Research Report

National Hospital Flash Report Summary: February 2021

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Hospitals and health systems had a difficult start to 2021 as declining volumes, falling outpatient revenues, and rising expenses contributed to significant January margin declines. The ongoing effects of COVID-19 propelled January’s poor results, but it was a mixed month in terms of COVID-19 metrics. Some key pandemic indicators peaked in early to mid-January, but tapered in the second half of the month.

COVID-19 related hospitalizations increased steeply starting in September 2020 through early January 2021, according to The COVID Tracking Project. They reached a high of 132,474 on January 6, but declined for the latter half of the month, falling more than 28% to 95,013 by January 31.

New daily hospital admissions of infected patients reached a national peak of 18,006 on January 5, but dropped 50% by the second week of February, Centers for Disease Control and Prevention (CDC) statistics show. Other national data also reflect positive shifts with vaccinations on the rise and the average number of daily cases declining from mid-January to mid-February. If the trends continue, they suggest an easing of COVID-19’s impacts following a devastating winter surge.

U.S. hospitals and health systems, however, face a long road to recovery, as January’s results illustrate. The median Kaufman Hall hospital Operating Margin Index* was -0.6% for the first month of the year, not including federal CARES funding. With the funding, it was -0.1%. The median Operating EBITDA Margin was 4.0% without CARES and 4.8% with CARES.

Median Change Chart

Not including the federal aid, Operating Margin fell 46.1% (4.6 percentage points) from January 2020 to January 2021, and Operating EBITDA Margin was down 34.1% (4.2 percentage points). Month-over-month, Operating Margin was down 26.7% (3.1 percentage points) and Operating EBITDA Margin declined 17.4% (2.3 percentage points) without CARES. Operating Margin fell 42.4% (4 percentage points) and Operating EBITDA Margin fell 25.4% (3.8 percentage points) year-over-year (YOY) with the federal aid.

Volumes were down across most metrics as many healthcare consumers continued to avoid or delay care out of concern for potential exposure to the virus. Compared to January 2020, Discharges dropped 12.7%, Adjusted Discharges fell 17.6%, Adjusted Patient Days declined 8.3%, and Operating Room Minutes fell 16.6%.

Emergency Department (ED) Visits again saw the biggest YOY volume drop at 24.7%, continuing a trend of double-digit YOY declines for the metric each month since March 2020. Inpatient volumes fell compared to January 2020—with Patient Days down 2.3%—suggesting a reversal following two consecutive months of YOY increases spurred by rising COVID-19 hospitalizations. Average Length of Stay (LOS) was the only volume metric to increase compared to 2020 levels, rising 12.6% YOY in January due to higher acuity patients requiring longer patient stays.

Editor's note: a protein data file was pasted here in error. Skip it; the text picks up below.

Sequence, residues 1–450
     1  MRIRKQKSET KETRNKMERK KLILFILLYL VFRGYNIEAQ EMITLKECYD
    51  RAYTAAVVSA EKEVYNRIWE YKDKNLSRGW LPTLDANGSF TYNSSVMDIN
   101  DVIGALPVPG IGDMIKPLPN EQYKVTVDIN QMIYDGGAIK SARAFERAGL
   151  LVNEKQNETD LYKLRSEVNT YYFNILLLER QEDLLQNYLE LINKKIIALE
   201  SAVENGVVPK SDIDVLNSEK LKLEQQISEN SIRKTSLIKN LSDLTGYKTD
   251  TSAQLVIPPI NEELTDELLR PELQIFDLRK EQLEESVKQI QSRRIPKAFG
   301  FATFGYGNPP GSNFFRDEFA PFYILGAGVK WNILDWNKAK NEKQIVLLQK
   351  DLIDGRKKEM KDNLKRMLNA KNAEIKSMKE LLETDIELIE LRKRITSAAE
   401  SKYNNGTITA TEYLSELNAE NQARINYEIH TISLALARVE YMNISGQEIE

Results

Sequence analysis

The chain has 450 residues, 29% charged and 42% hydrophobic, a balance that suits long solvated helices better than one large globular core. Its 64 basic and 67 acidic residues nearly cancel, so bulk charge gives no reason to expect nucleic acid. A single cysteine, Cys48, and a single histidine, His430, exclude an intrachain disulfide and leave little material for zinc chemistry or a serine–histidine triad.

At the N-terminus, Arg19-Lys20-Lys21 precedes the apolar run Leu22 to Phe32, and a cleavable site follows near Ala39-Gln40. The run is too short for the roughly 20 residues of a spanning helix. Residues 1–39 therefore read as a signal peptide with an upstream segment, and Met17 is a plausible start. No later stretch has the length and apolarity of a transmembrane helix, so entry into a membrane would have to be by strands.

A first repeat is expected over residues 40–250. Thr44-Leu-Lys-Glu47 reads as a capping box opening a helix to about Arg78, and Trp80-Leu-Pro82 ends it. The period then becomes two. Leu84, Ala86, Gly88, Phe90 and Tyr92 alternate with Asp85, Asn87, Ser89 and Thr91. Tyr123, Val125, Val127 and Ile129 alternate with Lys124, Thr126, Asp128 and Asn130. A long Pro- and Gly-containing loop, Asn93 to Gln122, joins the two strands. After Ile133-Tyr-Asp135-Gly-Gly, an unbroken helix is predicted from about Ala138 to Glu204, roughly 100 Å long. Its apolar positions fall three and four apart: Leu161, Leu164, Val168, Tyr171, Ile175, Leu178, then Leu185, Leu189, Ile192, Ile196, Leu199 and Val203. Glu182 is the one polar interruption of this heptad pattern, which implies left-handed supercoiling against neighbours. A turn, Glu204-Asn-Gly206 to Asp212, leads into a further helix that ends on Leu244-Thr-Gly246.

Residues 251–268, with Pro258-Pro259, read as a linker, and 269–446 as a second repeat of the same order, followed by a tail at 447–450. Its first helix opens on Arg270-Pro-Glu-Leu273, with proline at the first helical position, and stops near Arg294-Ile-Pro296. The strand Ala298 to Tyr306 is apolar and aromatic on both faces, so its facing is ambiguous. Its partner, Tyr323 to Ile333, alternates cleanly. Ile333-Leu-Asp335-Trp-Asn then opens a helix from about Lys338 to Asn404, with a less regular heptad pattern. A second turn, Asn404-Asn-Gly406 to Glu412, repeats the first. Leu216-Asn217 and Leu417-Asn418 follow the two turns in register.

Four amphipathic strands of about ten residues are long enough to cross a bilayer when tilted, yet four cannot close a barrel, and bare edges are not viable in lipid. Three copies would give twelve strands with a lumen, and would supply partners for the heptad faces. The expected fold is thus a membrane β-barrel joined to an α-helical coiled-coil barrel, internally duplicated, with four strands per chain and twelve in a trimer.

Revenue results for the month were mixed. Outpatient Revenue dropped 10.4% YOY in January, marking the ninth time it has fallen below prior year levels in the past 10 months. Lower outpatient revenues drove Gross Operating Revenue (not including CARES) down 4.8% YOY, while Inpatient Revenue rose slightly at 1.3% YOY. Revenues increased once adjusted for January’s low volumes. Net Patient Service Revenue (NPSR) per Adjusted Discharge rose 19% and NPSR per Adjusted Patient Day was up 9.7% YOY.

Expenses continued to climb across most metrics as hospitals remain encumbered by the high costs of labor, drugs, and personal protective equipment needed to treat higher acuity patients, including COVID-19 cases. Total Expense increased 4.5%, Total Labor Expense rose 6%, and Total Non-Labor Expense was up 2.4% YOY.

Looking at adjusted expenses, Total Expense per Adjusted Discharge jumped 25.4% YOY, largely due to a 30.1% YOY increase in Labor Expense per Adjusted Discharge. Full-Time Equivalents (FTEs) per Adjusted Occupied Bed (AOB) rose 6.1%. Non-Labor Expense per Adjusted Discharge rose 24.4% YOY, with the most significant increases occurring in Purchased Service Expense per Adjusted Discharge at 37% YOY and Drug Expense per Adjusted Discharge at 36% YOY. Overall Supply Expense was down just 1.5% YOY in January, but rose 19.9% YOY once adjusted to the month’s volumes.

In the broader economy, inflation and jobs data fell below expectations in January, as growth slowed considerably through the winter months. Stock values slid as trading driven by social media drew broad media attention, pushing the S&P 500 down 1.1% in January. The Federal Open Market Committee held steady at its January meeting and made no major changes to its guidance, keeping accommodative interest rates and asset purchase policies unchanged.

While national CDC metrics show some signs that the country may be turning the corner on the pandemic, its repercussions for the healthcare industry will persist indefinitely. The January performance results reflect the continued burden on U.S. hospitals and health systems, and emphasize the importance of remaining vigilant in combatting the virus and moving these vital institutions toward recovery.

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